Mythmaking: BONES IN THE RIVER
Night. The late Middle Ages. An angry mob rips open the sealed tomb of a man and carries his fleshless skeleton through the town streets, jeering. Reaching a field of execution, the bones are hurled on a pyre and burnt, then crushed to small fragments. This indignity not being enough, the desecrated remains are then gathered up and hurled unceremoniously into a Leicestershire river while the throng gazes on, casting abuse at the meagre remnants of the hated dead man as the waves swallow them…
A version of River Soar myth about Richard III, now disproved by the finding of his lost grave?
No, but the above story is almost certainly the origin of this once pervasive myth.
It was John Wycliffe, who produced the first Bible in English, whose bones met this fate. A Yorkshire man, who was educated at Merton College in Oxford, he was a noted theologian and philosopher, who became the rector of Lutterworth in Leicestershire. He wrote books that were considered heretical and was accused of inspiring the Peasant’s Revolt. His followers, the Lollards, were often persecuted…and executed…long after his death. He himself remained a threatening figure to the church even years after he died of a stroke. As he had escaped the normal heretics’ punishment of death by burning, when he lived, it was decided to vent the punishment on his remains. So his skeleton was disinterred, burned and hurled into the River Swift.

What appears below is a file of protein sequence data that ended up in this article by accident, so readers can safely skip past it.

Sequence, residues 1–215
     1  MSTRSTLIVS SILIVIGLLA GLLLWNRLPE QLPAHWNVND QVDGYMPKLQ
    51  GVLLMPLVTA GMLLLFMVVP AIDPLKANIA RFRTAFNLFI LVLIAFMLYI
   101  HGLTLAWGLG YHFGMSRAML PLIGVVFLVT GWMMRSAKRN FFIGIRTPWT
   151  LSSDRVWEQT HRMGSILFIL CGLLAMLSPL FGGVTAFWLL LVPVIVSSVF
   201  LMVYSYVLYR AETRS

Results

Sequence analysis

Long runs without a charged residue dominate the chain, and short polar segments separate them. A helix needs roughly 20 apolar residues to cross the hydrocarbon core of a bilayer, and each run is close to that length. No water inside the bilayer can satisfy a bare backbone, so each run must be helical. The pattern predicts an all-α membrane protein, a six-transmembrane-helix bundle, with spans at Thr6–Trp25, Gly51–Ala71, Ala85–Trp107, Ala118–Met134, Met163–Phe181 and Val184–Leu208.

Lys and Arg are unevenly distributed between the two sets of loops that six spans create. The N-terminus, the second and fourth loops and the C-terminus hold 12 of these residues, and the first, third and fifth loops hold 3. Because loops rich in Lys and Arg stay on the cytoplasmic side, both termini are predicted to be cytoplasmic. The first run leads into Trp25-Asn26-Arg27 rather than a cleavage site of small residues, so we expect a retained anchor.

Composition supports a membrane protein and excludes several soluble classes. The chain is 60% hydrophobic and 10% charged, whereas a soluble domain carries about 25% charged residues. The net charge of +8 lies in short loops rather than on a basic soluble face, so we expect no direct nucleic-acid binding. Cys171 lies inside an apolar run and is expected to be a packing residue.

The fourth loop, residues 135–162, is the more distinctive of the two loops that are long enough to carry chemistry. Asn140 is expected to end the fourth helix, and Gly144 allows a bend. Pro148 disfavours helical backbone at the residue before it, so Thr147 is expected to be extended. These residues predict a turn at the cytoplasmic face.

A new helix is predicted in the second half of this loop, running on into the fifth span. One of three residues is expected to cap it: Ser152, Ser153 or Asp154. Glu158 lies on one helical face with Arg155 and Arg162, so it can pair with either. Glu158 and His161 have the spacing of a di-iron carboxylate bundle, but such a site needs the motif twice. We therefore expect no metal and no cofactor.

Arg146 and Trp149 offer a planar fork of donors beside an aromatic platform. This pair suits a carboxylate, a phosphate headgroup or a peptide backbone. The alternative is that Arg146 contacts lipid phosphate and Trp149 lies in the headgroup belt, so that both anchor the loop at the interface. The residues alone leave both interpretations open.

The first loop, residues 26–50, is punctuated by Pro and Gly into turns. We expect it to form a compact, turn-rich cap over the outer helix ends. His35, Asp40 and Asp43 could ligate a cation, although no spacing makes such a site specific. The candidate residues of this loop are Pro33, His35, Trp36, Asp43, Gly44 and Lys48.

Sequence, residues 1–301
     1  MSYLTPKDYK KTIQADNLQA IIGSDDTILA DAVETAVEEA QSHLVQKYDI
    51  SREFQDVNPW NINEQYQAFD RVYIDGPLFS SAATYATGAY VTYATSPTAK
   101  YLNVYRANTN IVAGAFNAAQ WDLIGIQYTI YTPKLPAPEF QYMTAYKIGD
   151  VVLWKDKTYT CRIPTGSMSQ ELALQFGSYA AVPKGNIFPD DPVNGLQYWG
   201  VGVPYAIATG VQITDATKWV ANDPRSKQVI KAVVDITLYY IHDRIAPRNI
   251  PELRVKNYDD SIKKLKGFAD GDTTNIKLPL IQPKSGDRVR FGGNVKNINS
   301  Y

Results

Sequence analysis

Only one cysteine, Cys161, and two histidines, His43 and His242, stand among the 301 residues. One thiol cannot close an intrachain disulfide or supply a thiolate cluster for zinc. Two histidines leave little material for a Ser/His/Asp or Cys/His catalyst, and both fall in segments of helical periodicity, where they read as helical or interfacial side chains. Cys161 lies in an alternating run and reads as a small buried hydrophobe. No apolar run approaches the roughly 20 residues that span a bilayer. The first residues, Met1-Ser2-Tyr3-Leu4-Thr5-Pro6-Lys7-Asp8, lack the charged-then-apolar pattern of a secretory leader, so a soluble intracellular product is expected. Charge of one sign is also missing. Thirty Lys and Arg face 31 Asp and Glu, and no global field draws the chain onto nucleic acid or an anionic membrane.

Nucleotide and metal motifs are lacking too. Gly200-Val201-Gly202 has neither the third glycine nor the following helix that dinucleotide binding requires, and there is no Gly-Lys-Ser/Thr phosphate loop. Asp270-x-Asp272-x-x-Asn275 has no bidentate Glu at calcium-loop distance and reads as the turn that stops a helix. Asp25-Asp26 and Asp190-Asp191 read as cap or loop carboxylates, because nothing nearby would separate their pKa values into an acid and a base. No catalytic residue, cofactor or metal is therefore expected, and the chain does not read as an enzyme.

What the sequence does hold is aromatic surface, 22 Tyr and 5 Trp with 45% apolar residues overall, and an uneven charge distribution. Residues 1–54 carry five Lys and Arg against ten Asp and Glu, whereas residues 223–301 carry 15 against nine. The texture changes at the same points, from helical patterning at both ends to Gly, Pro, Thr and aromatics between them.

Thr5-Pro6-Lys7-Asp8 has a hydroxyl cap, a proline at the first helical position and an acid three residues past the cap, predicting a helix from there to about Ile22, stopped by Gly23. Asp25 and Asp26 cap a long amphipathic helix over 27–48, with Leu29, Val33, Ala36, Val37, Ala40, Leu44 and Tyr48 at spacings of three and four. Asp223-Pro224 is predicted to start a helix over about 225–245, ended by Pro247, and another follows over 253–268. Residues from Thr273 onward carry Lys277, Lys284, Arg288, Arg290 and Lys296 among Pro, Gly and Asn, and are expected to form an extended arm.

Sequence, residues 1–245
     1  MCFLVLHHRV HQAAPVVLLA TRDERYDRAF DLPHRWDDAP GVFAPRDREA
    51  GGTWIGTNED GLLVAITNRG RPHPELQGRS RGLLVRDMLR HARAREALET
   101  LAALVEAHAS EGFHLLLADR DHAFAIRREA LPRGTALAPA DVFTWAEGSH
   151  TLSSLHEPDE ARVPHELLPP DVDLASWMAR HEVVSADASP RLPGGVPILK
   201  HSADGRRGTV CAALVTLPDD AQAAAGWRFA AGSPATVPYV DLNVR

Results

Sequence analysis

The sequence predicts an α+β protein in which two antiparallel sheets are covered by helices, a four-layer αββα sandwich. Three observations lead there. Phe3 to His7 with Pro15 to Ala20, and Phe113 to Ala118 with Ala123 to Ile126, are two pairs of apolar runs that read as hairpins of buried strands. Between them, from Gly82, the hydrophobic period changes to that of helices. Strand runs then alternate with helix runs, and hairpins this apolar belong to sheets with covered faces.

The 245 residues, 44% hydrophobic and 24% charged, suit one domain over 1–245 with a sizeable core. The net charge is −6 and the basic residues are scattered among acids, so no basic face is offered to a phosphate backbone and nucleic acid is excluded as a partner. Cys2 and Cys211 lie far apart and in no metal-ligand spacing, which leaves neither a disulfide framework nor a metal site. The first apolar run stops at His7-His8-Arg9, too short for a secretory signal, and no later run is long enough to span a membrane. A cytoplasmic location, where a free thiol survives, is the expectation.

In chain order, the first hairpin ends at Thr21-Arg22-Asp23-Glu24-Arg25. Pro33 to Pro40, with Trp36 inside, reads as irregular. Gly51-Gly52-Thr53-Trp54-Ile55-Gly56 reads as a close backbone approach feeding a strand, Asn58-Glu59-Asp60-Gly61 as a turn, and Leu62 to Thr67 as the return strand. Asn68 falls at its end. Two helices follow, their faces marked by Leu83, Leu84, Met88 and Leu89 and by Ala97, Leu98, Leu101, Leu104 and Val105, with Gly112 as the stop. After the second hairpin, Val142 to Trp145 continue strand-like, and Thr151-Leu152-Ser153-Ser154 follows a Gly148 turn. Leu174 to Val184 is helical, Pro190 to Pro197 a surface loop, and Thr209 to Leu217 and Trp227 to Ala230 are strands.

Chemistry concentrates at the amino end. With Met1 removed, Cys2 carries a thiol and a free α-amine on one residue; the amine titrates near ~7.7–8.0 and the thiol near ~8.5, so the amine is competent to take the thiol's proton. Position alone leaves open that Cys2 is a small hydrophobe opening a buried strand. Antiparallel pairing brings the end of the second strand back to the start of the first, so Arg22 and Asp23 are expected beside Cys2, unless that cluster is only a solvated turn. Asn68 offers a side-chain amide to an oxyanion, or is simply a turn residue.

Somewhere along the line, this true tale ‘grew in the telling’ and changed, as such stories often do; repeated over and over with added embellishments and errors they lose their original meaning and only retain fragments of the truth…in this case, that the remains of a persecuted man had been dug up from the grave by a mob and thrown into a Leicestershire river. To the average person, centuries after the event, who was better known and more interesting to tell such tales about, a slain King or a heretical theologian?
Once Stuart era cartographer John Speed had written down the legend in regards to Richard, it swiftly took hold and was accepted henceforth accepted as truth by many…including numerous historians, although without one scrap of hard evidence (these historians shall remain nameless!)
The mythologisers had put the wrong man in the wrong river.
You know the rest.